13.01.16. Keystone XL developer TransCanada is taking legal action against President’s Obama’s denial of permit for the US$8 billion pipeline.
The US President’s decision against the pipeline, which is slated to stretch 1,179 miles from east-central Alberta, Canada, to the Texas Gulf Coast, was hailed late last year by green lobbyists as a victory against the further exploitation of Alberta’s tar sands.
However, Trans Canada has now launched a legal process challenging that decision under the North American Free Trade Agreement (NAFTA) as well as initiating Constitutional litigation against the US Administration.
The NAFTA claim seeks recovery of the billions of dollars of damages that TransCanada says it has suffered as a result of the US Administration’s breach of its NAFTA obligations. It specifically asserts that TransCanada had every reason to expect its application would be granted, as the application met the same criteria the US State Department applied when approving applications to construct similar cross-border pipelines, including the existing Keystone Pipeline, which has safely transported more than 1.1 billion barrels of Canadian and American oil through Canada and the United States.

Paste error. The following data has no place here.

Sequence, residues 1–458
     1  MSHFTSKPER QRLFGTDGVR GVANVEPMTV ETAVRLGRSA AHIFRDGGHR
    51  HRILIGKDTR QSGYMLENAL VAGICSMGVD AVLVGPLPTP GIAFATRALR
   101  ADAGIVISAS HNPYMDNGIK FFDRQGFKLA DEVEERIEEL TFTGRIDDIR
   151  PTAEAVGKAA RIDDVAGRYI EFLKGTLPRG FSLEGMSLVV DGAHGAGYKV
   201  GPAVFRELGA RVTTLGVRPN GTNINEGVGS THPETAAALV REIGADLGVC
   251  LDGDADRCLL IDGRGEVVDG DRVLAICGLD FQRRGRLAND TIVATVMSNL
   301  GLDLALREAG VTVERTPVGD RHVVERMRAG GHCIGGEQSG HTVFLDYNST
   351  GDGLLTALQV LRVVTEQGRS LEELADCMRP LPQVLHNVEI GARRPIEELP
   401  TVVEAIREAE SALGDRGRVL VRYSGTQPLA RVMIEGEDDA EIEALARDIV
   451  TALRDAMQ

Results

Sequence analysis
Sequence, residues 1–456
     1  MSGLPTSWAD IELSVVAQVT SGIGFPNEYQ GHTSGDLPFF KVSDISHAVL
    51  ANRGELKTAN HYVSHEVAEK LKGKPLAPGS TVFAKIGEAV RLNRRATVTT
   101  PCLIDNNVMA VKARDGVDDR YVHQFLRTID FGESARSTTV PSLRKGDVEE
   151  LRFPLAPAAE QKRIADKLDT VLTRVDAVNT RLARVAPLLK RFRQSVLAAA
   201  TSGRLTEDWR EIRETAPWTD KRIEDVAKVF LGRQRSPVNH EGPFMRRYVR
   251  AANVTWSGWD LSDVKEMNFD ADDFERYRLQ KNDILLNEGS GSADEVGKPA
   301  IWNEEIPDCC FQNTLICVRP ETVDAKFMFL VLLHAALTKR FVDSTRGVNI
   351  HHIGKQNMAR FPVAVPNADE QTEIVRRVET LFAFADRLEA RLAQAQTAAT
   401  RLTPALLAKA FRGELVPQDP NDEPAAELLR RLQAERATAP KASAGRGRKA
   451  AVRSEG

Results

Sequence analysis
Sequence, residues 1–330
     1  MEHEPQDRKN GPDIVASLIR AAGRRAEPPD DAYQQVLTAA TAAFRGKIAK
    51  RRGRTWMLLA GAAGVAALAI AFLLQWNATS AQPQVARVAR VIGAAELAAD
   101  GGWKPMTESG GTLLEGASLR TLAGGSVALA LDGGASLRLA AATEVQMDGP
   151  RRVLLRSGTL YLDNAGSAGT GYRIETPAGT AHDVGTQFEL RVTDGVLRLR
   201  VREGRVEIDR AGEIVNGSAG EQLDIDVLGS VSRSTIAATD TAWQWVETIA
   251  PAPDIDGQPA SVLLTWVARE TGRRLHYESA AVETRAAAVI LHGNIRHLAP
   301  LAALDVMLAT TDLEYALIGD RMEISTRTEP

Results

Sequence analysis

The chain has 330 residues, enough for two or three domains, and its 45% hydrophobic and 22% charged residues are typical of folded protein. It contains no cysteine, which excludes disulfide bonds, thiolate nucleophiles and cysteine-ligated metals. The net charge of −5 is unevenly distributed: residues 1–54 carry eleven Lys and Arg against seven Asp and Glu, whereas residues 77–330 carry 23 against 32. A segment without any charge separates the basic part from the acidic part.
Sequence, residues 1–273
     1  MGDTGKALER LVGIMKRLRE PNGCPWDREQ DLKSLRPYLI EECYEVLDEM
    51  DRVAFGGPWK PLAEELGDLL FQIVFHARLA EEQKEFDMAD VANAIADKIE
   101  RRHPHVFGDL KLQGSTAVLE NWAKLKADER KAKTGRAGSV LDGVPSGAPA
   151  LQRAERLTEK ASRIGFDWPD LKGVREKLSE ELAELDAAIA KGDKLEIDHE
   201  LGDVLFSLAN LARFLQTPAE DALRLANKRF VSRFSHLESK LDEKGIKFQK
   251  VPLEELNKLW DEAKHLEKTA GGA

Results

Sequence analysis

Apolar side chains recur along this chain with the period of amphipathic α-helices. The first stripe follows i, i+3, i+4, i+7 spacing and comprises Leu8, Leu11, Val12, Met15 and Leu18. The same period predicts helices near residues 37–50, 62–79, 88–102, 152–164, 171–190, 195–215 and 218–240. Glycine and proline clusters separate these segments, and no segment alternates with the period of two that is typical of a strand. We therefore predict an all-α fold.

The Constitutional challenge, filed in the US Federal Court in Texas, alleges that the permit denial reflected “an unprecedented assertion of Presidential power” and that it intruded on the power of the US Congress under the Constitution to regulate interstate and international commerce. The federal court suit does not seek damages, but rather a declaration that the permit denial is without legal merit and that no further Presidential action is required before construction of the pipeline can proceed.
A full analysis of the latest development in the Keystone XL story is feature in the upcoming issue of Storage Terminals Magazine.

13th January 2016